Art of Medicine
Jan 2019

Journeys of Immigrant Families Across the Border

Nora Hiriart Litz and Isha Marina Di Bartolo, MD
AMA J Ethics. 2019;21(1):E106-110. doi: 10.1001/amajethics.2019.106.


In an exhibition called El Viaje de los Niños (The Children’s Journey), members of the undocumented Mexican community in South Philadelphia created stories of their journey to the United States. With help from lead artist Nora Hiriart Litz, their experiences and thoughts on migration, family, love, loss, and hope are conveyed creatively via artwork.

Figure 1. El viaje fue la oscuridad mas profunda y sin un destino seguro, solo la infinita luz de la luna que me permitio continuar a mi destino, by Ali
Figure 1 artm1-1901


The journey was the deepest darkness without a certain destiny, just the infinite light of the moon, which allowed me to march towards my future.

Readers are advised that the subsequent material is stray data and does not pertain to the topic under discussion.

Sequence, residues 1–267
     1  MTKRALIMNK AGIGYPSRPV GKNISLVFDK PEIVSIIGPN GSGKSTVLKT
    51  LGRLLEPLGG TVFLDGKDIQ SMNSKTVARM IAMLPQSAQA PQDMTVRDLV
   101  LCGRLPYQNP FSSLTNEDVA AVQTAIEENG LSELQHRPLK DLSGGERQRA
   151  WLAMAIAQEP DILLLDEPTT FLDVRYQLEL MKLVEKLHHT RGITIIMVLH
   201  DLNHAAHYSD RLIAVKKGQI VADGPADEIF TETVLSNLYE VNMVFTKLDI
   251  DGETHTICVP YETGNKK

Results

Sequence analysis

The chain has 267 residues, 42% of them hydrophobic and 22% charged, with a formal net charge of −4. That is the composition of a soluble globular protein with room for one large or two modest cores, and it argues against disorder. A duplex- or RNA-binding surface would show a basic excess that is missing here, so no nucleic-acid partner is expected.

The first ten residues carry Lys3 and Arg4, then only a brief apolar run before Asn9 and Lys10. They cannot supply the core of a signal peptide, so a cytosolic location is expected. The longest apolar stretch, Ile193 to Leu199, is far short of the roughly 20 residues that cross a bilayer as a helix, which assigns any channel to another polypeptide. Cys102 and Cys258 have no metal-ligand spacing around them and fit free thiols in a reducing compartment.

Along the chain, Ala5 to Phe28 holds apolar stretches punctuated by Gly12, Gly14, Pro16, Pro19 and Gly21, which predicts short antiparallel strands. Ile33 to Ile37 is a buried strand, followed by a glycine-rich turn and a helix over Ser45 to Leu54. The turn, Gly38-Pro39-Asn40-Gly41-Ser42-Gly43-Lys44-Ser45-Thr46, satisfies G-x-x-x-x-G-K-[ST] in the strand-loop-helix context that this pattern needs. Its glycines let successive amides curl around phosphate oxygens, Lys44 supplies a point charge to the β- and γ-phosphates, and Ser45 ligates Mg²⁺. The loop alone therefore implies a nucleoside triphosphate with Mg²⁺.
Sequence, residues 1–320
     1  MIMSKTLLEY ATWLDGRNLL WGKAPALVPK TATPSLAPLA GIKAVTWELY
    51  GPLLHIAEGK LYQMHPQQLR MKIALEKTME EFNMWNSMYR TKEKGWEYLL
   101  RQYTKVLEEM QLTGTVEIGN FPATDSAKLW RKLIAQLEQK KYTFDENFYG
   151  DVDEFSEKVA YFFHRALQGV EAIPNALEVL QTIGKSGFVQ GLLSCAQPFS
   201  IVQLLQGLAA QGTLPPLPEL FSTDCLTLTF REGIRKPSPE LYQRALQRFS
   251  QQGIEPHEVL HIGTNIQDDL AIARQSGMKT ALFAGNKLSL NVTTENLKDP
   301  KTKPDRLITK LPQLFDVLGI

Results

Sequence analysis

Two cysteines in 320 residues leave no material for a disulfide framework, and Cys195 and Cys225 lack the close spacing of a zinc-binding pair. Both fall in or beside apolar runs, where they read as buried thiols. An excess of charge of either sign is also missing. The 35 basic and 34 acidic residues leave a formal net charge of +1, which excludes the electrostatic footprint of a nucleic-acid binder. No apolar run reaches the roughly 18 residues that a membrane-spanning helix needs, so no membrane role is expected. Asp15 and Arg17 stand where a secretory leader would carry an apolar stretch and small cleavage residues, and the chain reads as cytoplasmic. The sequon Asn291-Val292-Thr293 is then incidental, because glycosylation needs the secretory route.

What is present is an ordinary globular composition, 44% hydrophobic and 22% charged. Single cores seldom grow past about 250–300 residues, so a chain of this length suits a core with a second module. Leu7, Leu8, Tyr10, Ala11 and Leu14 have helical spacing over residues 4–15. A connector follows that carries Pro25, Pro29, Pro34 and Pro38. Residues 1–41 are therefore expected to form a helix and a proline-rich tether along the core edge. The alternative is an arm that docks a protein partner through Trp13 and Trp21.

Acrylic-based paint on wood.


Figure 2. La desesperacion, pobresa [sic] y un futuro incierto fue mi boleto. El telefono es mi pañuelo de lagrimas de tristeza y alegria que dia a dia vivo, by Mirna

Figure 2 artm1-1901


Desperation and poverty and an uncertain future, those things were my ticket. The telephone is my handkerchief of tears, of sadness and joy, which I live through every day.


Acrylic-based paint on wood.


Figure 3. Camine asia el norte y tome el toro por los cuernos para trabajar pero me siento aun solo, by Rico

Figure 3 artm1-1901


I walked to the north and I took the bull by the horns so I could work, but I still feel alone.


Acrylic-based paint on wood.


Figure 4. La tristeza de mi mama cuando me despedi, by Rosi

Figure 4 artm1-1901


Editor's Note

The artwork was provided by Nora Hiriart Litz and the captions were translated by Dr Di Bartolo.


AMA J Ethics. 2019;21(1):E106-110.



Conflict of Interest Disclosure

The author(s) had no conflicts of interest to disclose. 

The viewpoints expressed in this article are those of the author(s) and do not necessarily reflect the views and policies of the AMA.